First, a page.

Tuesday, January 24, 2012

Ageing Indian Army: Anti- Insurgency/ Counter- Terrorism or a Combat Force?

The Asian Age Home » Opinion » Interview of the Week
‘In terms of manpower, the Indian Army is ageing’
This is a good interview. I endorse Gen Malik's views on most issues.
1. Defence Services must have greater voice in forming National Strategic policies. Not to be left to Group of Ministers, mostly.
2. Having a CDS is a must.
3. Our organisations and concepts of large scale operations in mountains are old. The Army in the mountains in particular has to become LEANER AND MEANER. Much greater integral heli lift is essential as also armed hepter resources.
4. Indian Army has got tired of operating in counter insurgency operations in J&K and in the East. How long can a unit remain in such areas, year after year. Pakistan has really bled us for the last 64 years. These guys have nothing to eat and spend and an individual can be hired to do Jehad for paltry sums. Our passive attitude has not served us well. The only way is to have a TIT for TAT policy. We have to ignite the flame in Balochistan and let the Pak Army bleed there. The British and the Americans would also be interested to boil up things in Balochistan. Pak Army only understands a strong response.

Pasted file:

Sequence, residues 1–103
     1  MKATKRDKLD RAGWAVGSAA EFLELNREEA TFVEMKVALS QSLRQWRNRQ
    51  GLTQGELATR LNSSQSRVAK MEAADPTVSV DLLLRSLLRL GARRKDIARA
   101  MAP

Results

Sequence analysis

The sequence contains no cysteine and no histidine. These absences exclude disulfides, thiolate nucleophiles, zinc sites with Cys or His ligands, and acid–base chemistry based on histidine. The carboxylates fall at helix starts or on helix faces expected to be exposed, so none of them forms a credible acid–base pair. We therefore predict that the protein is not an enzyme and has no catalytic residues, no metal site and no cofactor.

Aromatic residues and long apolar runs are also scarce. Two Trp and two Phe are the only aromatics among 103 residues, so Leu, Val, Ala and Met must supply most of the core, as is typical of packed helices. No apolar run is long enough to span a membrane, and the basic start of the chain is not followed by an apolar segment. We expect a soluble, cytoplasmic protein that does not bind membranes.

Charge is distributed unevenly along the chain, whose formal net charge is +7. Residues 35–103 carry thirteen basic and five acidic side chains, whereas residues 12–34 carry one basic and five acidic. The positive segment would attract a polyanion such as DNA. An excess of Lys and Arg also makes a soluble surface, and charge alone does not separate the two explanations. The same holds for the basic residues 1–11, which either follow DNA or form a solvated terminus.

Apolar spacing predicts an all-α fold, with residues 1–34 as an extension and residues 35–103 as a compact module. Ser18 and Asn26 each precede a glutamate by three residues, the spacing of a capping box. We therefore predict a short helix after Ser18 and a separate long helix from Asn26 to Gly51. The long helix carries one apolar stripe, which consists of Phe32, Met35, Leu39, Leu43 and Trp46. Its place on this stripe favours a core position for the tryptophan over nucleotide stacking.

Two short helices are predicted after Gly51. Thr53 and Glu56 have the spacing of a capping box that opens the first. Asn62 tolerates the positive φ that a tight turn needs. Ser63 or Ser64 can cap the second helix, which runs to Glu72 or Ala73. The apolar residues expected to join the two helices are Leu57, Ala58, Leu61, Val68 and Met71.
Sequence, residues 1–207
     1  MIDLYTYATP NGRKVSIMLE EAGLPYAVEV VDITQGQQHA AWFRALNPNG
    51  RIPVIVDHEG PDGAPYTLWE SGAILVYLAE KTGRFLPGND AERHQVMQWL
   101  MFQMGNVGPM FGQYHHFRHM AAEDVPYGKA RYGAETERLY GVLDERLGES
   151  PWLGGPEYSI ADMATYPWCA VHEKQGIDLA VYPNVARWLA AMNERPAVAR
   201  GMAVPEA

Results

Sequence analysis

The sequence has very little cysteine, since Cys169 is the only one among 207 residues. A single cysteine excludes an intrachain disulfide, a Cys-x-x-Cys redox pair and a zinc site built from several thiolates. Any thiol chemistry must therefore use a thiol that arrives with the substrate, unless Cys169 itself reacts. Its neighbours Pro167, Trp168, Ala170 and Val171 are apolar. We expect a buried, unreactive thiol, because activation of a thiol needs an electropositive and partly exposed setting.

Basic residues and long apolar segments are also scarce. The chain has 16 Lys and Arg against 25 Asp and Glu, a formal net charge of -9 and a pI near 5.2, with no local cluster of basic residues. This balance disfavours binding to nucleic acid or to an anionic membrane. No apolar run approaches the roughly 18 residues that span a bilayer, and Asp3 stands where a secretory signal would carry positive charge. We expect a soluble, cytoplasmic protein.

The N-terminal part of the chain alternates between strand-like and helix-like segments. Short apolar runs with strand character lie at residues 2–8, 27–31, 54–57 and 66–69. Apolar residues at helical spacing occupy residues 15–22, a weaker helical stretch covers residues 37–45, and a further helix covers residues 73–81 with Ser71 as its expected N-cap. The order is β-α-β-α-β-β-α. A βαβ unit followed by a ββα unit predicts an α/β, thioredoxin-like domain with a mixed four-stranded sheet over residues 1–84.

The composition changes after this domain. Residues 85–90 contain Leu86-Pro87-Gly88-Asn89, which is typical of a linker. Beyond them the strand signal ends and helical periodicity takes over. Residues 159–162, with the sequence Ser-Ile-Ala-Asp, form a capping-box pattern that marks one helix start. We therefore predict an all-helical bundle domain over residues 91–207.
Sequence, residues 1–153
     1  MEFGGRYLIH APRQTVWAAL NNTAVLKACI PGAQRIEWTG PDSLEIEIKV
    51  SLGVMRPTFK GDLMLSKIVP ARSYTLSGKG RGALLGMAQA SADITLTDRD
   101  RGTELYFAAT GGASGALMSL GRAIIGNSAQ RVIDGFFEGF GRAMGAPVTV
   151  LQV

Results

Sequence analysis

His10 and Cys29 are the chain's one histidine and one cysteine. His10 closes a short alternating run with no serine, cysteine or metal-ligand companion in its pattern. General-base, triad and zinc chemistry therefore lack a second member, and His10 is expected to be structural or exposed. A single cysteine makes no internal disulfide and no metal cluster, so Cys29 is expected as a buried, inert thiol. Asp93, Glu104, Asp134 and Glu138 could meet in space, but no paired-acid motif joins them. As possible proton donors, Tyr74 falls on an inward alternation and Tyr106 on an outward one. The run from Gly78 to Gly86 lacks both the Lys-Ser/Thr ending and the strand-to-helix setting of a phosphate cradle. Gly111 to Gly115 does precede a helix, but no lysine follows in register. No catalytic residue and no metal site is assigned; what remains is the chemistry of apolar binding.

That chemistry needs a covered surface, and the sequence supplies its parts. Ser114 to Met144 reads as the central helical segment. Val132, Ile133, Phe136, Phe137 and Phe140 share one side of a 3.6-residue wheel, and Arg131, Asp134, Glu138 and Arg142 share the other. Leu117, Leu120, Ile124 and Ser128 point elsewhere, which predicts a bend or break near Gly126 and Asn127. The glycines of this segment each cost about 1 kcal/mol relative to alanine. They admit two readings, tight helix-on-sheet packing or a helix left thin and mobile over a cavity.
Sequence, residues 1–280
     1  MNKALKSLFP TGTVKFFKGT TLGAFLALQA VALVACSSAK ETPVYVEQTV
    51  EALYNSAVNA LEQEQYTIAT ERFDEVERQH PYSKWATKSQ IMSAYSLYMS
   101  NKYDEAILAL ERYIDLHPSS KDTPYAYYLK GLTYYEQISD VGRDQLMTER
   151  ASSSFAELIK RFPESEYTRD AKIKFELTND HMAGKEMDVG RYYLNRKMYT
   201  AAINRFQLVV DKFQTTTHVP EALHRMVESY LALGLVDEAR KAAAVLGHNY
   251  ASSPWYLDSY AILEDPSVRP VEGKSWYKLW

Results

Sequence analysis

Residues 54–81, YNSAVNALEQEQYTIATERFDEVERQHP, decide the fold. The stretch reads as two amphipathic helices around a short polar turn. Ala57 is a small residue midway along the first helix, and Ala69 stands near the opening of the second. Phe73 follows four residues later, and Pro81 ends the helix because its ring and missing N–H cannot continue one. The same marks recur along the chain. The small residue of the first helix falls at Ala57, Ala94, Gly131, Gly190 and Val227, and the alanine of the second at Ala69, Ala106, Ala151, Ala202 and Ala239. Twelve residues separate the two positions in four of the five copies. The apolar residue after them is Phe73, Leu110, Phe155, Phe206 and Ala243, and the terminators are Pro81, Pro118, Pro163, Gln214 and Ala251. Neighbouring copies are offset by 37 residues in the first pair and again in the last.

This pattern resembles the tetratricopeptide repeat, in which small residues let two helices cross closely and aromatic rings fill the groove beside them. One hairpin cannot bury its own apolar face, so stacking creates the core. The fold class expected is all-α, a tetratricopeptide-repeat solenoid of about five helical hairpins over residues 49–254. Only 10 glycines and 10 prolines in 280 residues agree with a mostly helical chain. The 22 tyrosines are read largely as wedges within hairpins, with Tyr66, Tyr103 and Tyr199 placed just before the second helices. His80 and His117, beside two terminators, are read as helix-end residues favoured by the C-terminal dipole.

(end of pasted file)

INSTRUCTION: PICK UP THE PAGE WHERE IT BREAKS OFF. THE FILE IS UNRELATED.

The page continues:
Veteran Harbhajan Singh
Lt Gen

Interview of the Week with General VP Malik Jan 15, 2012
On the occasion of Army Day, former Army Chief Gen. V.P. Malik says that the current method of civilian control over the military leaves much to be desired. He also tells Sridhar Kumaraswami that grouping all strike corps under a strategic command is not a good idea.
In what ways can a career in the Army be made more attractive? Does this require more cash incentives or just better parity with the civilian services?
Three requirements, in order of priority:

improved promotion prospects with a golden handshake early-retirement policy

improved civil-military services parity

greater respect for soldiers and ex-servicemen from the government and society. We need to revisit terms and conditions of service that were framed in a different socio-economic milieu many years ago.

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